Fresh Meat: Blood, Ash & Bone by Tina Whittle

Blood, Ash, & Bone by Tina Whittle
Blood, Ash, & Bone by Tina Whittle
Blood, Ash & Bone by Tina Whittle is the third book in the Tai Randolph traditional mystery series (available March 5, 2013).

While this is the third book in Tina Whittle’s Tai Randolph series, reading the others first isn’t necessary. If you have read the others, rest assured that just because Tai promises Trey she’ll stay out of trouble doesn’t mean she won’t find some and won’t convince him to come along for the ride.

Trey is an interesting character. Former cop, former SWAT, former sniper, he’s built and trained to be the action hero sort, but he’s a math geek at heart and a brain injury has left him more comfortable with routine and predictable calculations. He’s the perfect counterpoint to Tai, who is unpredictable, headstrong, messy, and reckless. In fact, their relationship was probably my favorite part of the book—and I’m not a big romance fan. There was something about the way they were adapting to being a couple that was both realistic and sweet.

“I’ve discovered that nights at your place do not make for productive mornings.”

A soft exhale at his end, almost like a laugh. “I’ve discovered the same thing.” A pause. “I miss you too.”

He’d once explained what that felt like to him—a hard knot in the diaphragm, surrounded by an achy spreading warmth. I put my hand in the same spot on my own body and felt the same tenderness. I wasn’t someone people usually missed, especially not people like Trey. Usually people like Trey sighed with relief and straightened the slipcovers when I left.

Competing closely for that favored spot was the setting itself because the story largely takes place in Tai’s hometown of Savannah, Georgia. I have a soft spot for that city. Part of this is definitely the city’s age and architecture, but I’m sure a lot of it is what Whittle captures here:

Despite the rain, I rolled down the window and let in the smell of the Lowcountry into the car—the humid air thick as vegetation, the chemical pong of the paper plants along the river, the salt-clean top notes of the ocean. It was impossible to separate the land and the sea in Savannah. They encroached and flowed, sometimes antagonistic, always intimate, island and marsh and estuary in sustained endless cycles.

That river and marsh and ocean blend (minus the paper mills) is what I grew up with, so I plot to stop whenever we have to drive through Georgia. It was fun fun traveling there with Tai who’s a former tour guide, Confederate history buff, and expert on local lore. She knows the tourist spots as well as the back country. And she peppers her knowledge of the area with her own backstory.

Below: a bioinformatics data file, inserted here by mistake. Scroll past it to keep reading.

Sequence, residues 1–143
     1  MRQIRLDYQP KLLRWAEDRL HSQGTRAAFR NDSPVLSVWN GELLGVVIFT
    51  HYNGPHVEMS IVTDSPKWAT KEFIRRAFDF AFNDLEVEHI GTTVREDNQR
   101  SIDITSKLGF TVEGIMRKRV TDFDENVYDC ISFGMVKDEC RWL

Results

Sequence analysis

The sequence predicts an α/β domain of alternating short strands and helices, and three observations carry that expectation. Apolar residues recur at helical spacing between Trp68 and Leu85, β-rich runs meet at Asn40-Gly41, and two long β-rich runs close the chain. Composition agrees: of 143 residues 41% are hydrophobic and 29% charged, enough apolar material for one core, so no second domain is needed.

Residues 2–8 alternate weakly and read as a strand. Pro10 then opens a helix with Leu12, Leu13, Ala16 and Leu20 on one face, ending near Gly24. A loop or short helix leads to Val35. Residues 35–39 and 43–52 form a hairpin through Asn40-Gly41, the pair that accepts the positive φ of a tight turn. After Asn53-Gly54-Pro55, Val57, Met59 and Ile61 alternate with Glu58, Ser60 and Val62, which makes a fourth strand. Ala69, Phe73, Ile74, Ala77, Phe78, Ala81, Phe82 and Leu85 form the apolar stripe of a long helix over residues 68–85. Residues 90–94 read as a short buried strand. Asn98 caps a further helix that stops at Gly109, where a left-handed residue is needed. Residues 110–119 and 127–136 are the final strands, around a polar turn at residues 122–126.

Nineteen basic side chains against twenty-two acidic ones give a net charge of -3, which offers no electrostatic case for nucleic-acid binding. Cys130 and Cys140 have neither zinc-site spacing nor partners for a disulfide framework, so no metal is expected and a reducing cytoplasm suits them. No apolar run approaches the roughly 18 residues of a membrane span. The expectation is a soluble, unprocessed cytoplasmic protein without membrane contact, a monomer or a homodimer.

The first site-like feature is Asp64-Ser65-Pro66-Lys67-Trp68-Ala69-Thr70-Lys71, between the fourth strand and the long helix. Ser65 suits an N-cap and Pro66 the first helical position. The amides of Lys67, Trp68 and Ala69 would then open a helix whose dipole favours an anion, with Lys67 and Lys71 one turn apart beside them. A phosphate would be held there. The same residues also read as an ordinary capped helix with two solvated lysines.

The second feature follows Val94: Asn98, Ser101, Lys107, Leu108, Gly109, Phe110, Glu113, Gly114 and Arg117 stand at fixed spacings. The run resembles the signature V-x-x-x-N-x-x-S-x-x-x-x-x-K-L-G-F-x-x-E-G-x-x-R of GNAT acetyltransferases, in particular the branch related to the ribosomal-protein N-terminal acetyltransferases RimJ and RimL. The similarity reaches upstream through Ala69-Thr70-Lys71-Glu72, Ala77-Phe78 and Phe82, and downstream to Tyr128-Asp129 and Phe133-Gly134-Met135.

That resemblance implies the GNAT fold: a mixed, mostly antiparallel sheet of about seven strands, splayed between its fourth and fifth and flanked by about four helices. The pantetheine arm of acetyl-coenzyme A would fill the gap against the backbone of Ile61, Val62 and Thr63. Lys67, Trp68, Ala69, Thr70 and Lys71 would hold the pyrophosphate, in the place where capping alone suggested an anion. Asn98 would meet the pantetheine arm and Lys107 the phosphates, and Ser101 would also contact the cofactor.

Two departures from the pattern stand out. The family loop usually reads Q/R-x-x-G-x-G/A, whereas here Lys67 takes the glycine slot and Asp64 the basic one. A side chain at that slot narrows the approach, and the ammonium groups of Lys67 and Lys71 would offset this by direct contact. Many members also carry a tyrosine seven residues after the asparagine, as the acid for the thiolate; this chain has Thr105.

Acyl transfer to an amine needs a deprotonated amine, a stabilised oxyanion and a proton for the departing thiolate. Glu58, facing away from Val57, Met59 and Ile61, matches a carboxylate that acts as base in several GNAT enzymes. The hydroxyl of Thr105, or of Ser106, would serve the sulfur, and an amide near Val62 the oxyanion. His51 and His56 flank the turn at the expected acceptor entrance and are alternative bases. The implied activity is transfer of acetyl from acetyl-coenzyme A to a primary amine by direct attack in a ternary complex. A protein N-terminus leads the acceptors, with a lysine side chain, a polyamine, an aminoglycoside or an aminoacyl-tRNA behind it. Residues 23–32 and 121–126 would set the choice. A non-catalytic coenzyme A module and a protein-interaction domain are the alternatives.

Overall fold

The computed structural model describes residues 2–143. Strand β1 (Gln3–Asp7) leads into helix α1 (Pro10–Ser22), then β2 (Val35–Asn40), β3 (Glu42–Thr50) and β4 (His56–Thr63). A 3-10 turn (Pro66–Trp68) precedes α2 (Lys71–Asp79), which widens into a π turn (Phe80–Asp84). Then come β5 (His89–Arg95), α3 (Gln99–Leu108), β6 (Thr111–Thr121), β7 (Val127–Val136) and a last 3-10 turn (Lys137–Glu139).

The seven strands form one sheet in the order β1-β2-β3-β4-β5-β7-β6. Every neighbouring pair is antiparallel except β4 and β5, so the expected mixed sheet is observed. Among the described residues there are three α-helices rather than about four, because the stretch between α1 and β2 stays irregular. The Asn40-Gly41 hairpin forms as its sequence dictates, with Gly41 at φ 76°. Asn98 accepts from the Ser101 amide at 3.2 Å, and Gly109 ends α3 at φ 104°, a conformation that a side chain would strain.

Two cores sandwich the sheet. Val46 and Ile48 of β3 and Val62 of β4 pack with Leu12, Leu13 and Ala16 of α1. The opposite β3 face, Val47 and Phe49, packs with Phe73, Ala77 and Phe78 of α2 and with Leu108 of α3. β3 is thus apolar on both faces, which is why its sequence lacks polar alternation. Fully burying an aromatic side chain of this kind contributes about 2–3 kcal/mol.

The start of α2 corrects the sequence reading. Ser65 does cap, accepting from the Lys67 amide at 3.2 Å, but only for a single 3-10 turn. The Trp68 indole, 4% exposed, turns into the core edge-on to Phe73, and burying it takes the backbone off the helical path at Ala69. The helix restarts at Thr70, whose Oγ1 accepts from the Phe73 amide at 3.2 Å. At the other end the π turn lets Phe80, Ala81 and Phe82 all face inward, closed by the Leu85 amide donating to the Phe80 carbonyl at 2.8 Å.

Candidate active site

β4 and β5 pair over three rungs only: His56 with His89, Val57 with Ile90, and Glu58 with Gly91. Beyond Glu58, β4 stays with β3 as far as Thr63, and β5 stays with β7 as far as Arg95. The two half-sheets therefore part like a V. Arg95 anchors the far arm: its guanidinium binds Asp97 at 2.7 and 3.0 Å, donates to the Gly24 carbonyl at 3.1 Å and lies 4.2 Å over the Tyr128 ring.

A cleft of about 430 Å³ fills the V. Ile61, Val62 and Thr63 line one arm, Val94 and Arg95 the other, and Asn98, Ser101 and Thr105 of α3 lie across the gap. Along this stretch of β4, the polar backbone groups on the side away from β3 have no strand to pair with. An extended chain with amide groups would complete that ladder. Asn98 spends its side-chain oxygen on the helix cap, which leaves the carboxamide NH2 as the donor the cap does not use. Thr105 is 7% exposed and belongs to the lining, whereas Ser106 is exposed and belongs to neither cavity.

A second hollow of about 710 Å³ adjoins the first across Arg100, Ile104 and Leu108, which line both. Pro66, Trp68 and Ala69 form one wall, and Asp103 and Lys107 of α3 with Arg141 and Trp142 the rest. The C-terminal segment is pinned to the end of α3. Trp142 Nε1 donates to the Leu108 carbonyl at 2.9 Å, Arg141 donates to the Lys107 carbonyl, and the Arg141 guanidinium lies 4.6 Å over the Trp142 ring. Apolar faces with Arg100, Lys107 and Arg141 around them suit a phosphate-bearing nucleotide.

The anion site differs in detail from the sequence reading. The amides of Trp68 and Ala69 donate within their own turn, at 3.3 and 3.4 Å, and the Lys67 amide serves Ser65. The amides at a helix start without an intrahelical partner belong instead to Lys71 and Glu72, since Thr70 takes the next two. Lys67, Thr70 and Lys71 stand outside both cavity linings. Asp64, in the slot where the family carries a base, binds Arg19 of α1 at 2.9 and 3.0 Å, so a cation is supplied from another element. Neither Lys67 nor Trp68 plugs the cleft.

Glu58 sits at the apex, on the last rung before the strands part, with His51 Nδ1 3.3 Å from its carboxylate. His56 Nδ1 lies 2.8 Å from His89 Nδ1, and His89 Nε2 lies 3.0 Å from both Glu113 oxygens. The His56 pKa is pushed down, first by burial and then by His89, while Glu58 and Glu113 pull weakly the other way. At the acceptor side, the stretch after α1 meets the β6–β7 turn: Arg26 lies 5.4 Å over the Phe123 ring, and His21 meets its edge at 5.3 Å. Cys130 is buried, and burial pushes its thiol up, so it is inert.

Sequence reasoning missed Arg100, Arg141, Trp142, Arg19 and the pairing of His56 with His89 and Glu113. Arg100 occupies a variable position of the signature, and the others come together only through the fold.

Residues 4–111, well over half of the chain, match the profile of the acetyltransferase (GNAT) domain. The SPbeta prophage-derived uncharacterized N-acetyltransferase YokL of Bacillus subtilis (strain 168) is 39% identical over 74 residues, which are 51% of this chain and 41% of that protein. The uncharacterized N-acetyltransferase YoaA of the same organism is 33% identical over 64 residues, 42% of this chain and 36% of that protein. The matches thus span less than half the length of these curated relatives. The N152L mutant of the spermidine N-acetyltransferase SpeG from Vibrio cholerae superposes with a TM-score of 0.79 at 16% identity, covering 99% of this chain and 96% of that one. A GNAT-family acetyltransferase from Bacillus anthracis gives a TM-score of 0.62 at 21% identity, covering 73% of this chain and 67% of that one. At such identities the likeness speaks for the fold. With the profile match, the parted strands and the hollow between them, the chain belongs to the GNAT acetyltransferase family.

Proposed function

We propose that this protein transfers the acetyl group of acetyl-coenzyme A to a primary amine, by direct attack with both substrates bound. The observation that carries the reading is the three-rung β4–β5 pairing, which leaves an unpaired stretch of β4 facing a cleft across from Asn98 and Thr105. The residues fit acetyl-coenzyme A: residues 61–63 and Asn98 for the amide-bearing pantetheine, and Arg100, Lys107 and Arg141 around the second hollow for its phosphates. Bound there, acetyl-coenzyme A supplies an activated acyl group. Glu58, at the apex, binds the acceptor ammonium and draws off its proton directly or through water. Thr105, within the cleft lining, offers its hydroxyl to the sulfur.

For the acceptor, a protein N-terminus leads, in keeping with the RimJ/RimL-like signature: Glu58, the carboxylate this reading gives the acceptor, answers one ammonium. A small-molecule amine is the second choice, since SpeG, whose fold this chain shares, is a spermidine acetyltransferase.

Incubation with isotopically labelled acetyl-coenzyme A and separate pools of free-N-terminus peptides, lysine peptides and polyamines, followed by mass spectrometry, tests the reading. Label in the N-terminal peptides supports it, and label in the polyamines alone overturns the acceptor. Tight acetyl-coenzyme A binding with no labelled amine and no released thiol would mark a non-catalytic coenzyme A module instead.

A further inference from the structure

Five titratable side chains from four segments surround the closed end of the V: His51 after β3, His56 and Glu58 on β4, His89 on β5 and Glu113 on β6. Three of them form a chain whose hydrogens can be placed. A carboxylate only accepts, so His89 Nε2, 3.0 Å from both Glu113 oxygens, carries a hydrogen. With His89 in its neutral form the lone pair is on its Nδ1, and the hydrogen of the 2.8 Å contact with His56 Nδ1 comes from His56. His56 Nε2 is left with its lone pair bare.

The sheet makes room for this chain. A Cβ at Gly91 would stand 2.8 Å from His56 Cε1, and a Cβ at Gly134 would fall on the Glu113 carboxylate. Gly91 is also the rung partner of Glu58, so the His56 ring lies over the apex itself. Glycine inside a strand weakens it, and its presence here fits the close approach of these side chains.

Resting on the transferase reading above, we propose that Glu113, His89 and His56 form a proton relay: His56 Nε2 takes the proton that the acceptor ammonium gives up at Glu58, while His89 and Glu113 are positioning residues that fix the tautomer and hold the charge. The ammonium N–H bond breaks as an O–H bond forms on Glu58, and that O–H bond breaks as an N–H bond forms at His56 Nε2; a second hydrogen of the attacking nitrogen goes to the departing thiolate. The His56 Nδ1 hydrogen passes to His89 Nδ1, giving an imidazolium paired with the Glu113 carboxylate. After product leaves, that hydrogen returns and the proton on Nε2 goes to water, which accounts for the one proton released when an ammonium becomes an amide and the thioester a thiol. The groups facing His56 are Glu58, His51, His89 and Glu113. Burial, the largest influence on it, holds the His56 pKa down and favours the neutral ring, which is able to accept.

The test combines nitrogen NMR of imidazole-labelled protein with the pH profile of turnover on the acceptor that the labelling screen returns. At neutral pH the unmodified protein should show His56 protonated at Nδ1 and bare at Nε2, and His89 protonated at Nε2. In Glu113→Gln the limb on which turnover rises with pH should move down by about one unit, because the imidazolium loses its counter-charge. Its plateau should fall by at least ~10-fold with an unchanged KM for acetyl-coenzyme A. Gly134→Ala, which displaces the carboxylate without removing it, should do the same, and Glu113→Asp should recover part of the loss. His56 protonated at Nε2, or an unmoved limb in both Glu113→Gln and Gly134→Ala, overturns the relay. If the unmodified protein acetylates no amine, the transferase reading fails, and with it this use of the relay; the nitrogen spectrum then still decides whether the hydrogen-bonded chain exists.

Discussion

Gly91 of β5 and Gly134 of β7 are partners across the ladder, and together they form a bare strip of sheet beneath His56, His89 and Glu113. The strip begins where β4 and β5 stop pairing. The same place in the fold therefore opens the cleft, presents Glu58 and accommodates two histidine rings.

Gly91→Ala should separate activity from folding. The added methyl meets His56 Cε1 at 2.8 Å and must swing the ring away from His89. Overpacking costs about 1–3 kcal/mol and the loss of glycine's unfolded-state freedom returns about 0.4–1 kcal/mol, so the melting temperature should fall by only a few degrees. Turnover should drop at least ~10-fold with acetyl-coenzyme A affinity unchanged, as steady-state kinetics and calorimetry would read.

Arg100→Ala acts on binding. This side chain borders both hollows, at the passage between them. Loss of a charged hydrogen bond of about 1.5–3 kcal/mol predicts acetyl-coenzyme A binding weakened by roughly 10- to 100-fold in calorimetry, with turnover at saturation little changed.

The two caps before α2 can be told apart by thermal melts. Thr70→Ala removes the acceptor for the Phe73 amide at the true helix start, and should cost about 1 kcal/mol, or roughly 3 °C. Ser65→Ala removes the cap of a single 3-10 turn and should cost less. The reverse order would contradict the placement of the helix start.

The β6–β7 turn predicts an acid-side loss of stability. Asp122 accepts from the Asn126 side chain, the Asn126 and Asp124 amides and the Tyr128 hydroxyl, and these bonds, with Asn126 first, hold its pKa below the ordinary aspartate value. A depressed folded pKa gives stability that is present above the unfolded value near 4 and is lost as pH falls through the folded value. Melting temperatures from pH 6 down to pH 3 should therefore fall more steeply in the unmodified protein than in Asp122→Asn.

I patted the balcony. “This place we’re standing used to be scrubland. When General Sherman threatened the city, the Confederate army escaped across the river to this island, then fled for South Carolina under cover of night. The mayor, waking up the next morning to an undefended city, wisely surrendered. And Sherman decided not to burn down the place.”

A massive freighter ship plowed its way past, blocking our view. It was as big as an office building, with Cyrillic characters spelling out its name.

I shook my head. “Every summer, some drunken tourist tries to swim across the river, with ships like that coming through.”

Trey measured the distance with his eyes. “That’s at least six hundred feet from bank to bank.”

“Correct. But drunk people sometimes make unsound decisions.”

I didn’t tell him I’d almost done it myself once, chock full of hurrah and stupidity. And bourbon. I’d chickened out, but one of my classmates had taken the plunge. The Coast Guard pulled him out half-drowned fifteen minutes later, upchucking algae and brackish brown water.

It’s a given that she’s bitten off more than she can chew, that mishaps will happen, people will die, and others will not be what they seem. In the end, she’s failed at many of her original goals, but she’s shown up—something that is incredibly important to Trey and something she’s realizing is important to her as well—she’s still standing, and she’s found that some things are more important than Sherman’s Bible.

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Neliza Drew is a tofu-eating teacher and erratic reader with a soft spot for crime fiction. She lives in the heat and humidity of southern Florida with three cats and her adorable hubby. She listens to way too much music, writes often, and spends too much time on Twitter (@nelizadrew).

Read all posts by Neliza Drew on Criminal Element.


  1. Deborah Lacy

    Love this title. Can’t wait to dig in.

  2. TinaWhittle

    Thank you, Deborah! I hope you enjoy it!

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